Phone hacking and privacy torts

By Megan Richardson

Who before last week would have predicted there would be serious talk of a statutory privacy tort in Australia with politicians coming out openly in support of it?  But then who would have predicted a phone hacking scandal engulfing the Murdoch press?

The Australian’s senior legal writer Chris Merritt last weekend dismissed the connection saying we have criminal law to deal with phone hacking plus defamation and other laws to protect individuals, and questioning the need for a privacy tort – especially one as draconian in its treatment of the Australian media as that recommended by the Australian Law Reform Commission. What this discussion sidesteps, as much of the discussion I have read to date in the press, is that we already have common law protection of privacy fashioned through case law, which does or should constrain the media.

A problem, I think, is that our main source of common law protection goes by the antiquated name of ‘breach of confidence’. This gives the false impression of a confider and confidant. In reality the compass is far broader – and the doctrine is really one of misuse of confidential information, including information of a private character. In the defence papers case Commonwealth v John Fairfax Mason J referred to breach of confidence as a doctrine restraining ‘the publication of confidential information improperly or surreptitiously obtained’, citing Swinfen Eady LJ in Lord Ashburton v Pape (1913) 2 Ch 469. More recently, in the possum abattoir case Australian Broadcasting Corporation v Lenah Game Meats, Gleeson CJ quoted Laws J in Hellewell v Chief Constable of Derbyshire [1995] 1 WLR 804 at 807 as saying:

If someone with a telephoto lens were to take from a distance and with no authority a picture of another engaged in some private act, his subsequent disclosure of the photograph would, in my judgment, as surely amount to a breach of confidence as if he had found or stolen a letter or diary in which the act was recounted and proceeded to publish it. In such a case, the law would protect what might reasonably be called a right of privacy, although the name accorded to the cause of action would be breach of confidence. It is, of course, elementary that, in all such cases, a defence based on the public interest would be available.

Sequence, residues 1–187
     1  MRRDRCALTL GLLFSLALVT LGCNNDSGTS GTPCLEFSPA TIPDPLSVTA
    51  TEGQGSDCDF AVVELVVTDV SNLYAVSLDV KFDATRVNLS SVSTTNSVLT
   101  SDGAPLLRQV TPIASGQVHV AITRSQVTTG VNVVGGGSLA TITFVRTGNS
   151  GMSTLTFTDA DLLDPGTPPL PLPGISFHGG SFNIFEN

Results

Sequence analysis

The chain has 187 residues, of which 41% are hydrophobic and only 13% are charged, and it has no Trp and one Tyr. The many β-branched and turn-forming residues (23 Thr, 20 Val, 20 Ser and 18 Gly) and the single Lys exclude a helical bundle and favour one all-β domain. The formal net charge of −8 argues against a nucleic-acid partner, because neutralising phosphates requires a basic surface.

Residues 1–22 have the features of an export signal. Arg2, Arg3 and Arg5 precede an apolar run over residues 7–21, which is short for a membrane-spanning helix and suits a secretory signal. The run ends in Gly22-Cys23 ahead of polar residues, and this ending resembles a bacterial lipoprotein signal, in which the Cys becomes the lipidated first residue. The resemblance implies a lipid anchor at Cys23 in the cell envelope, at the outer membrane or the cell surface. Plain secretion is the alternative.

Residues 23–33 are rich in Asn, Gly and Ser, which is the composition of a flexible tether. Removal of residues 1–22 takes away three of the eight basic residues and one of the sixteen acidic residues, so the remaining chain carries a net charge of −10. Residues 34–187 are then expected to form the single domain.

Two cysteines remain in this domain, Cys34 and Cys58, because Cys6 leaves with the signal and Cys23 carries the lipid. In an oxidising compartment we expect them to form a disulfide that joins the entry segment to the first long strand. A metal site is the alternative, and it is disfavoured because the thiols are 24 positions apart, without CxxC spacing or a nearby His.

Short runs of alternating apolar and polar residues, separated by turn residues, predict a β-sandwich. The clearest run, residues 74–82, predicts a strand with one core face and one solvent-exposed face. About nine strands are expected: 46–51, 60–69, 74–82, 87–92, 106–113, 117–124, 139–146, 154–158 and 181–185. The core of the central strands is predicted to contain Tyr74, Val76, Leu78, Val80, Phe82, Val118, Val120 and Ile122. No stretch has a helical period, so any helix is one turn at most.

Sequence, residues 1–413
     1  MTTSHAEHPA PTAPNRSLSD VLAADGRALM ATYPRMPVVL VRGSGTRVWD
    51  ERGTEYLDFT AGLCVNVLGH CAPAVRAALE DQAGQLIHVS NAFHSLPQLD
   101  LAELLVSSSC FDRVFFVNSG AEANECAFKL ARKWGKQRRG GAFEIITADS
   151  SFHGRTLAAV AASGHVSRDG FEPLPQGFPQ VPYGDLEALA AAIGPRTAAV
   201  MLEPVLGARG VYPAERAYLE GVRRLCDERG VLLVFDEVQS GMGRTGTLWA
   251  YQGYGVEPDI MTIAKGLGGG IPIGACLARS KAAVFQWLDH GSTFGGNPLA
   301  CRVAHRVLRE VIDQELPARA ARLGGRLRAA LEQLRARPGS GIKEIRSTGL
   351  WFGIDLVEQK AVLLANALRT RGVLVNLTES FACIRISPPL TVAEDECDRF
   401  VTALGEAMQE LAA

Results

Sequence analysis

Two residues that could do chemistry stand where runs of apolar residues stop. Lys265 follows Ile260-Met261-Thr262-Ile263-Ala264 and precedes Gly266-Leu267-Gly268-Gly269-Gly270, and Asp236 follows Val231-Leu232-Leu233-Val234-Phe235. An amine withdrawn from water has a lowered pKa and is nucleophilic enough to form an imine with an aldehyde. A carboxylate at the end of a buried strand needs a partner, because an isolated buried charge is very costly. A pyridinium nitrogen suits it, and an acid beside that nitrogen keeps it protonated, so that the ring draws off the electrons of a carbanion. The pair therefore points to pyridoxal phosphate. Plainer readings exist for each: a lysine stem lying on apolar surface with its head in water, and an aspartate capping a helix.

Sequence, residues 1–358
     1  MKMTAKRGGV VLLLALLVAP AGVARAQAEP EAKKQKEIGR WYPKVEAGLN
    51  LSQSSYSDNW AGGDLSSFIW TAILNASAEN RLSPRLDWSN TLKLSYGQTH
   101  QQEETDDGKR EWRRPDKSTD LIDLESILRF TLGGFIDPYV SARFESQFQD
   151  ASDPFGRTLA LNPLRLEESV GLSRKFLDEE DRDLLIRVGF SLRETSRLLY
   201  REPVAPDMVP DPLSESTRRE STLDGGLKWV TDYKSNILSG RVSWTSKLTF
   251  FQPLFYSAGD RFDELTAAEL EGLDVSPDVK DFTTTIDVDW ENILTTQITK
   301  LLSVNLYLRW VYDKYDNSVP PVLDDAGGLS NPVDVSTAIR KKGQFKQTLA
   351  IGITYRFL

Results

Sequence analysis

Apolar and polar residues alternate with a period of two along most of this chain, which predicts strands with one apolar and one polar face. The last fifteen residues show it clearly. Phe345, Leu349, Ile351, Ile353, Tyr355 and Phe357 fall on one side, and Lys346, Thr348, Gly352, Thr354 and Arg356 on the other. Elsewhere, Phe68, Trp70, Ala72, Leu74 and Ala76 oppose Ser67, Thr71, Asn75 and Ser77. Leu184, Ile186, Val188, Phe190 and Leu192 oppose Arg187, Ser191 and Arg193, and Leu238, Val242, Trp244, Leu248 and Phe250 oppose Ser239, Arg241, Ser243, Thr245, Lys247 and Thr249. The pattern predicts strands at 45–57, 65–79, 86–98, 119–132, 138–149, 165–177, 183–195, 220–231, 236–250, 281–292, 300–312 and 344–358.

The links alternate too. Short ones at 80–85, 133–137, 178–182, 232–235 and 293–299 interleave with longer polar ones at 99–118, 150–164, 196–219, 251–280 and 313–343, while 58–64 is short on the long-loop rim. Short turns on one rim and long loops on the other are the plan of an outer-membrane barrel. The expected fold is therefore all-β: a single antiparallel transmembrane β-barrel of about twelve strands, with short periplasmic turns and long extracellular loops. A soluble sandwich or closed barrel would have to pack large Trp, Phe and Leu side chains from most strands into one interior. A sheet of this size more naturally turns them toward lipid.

Gleeson CJ agreed with that proposition, adding that to adapt it to the Australian context account should also be taken of the freedom of political communication which the High Court has held implicit in the democratic principles of the Australian Constitution. This suggests that the defence is particularly stringent where that implied freedom applies.

Lenah itself was a surreptitious filming case. Animal rights activists secretly entered the game meat abattoir’s property to film its possum slaughter processes then handed the film (through an intermediary) to the ABC who proposed to show on its 7.30 Report. Lenah sought an interlocutory injunction to stop this but did not claim breach of confidence, conceding rather that the information as to its animal slaughter methods was not confidential. Instead it argued the High Court should recognise a new tort of privacy to cover their case. Gleeson CJ said that breach of confidence would have been adequate to cover the case if ‘the activities filmed were private’. Even if so, the Chief Justice’s references to the public interest defence and constitutional freedom of communication suggests the ABC might have had a good defence. As Kirby J pointed out in his judgment, this was a government licensed abattoir and the public is entitled to know that the government is concerned to ensure that animals at the abattoir are being treated humanely (so far as an abattoir designed to kill animals can do so). The Australian government’s recent action over live meats exports shows it accepts this responsibility, and the ABC’s role in uncovering the problems there is worth noting and preserving.

We only need to imagine a slightly different fact situation to see Lenah as a strong authority on breach of confidence’s protection of privacy. Although some judges in the High Court questioned whether a corporation concerned about its public reputation was the best privacy claimant (Gummow and Hayne JJ especially), it was clear that the situation would have been different if the claimant had been an individual filmed or photographed while engaged in a private activity. For instance, Gleeson CJ said, ‘a film of a man in his underpants in his bedroom would ordinarily have the necessary quality of privacy to warrant the application of the law of breach of confidence’ – as would ‘information relating to health, personal relationships, or finances’. If the information was surreptitiously or otherwise improperly obtained, there is a good argument that its publication could be restrained or a remedy granted after the fact on the basis of breach of confidence, unless a public interest could be shown to justify the publication.